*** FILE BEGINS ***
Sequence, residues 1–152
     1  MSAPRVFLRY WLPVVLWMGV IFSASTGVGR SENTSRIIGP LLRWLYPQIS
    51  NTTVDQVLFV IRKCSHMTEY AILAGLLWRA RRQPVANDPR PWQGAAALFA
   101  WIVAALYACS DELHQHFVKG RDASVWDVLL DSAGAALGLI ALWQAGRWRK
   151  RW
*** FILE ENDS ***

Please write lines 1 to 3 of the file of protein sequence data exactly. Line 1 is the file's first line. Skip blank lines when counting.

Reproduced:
Sequence, residues 1–152
     1  MSAPRVFLRY WLPVVLWMGV IFSASTGVGR SENTSRIIGP LLRWLYPQIS
    51  NTTVDQVLFV IRKCSHMTEY AILAGLLWRA RRQPVANDPR PWQGAAALFA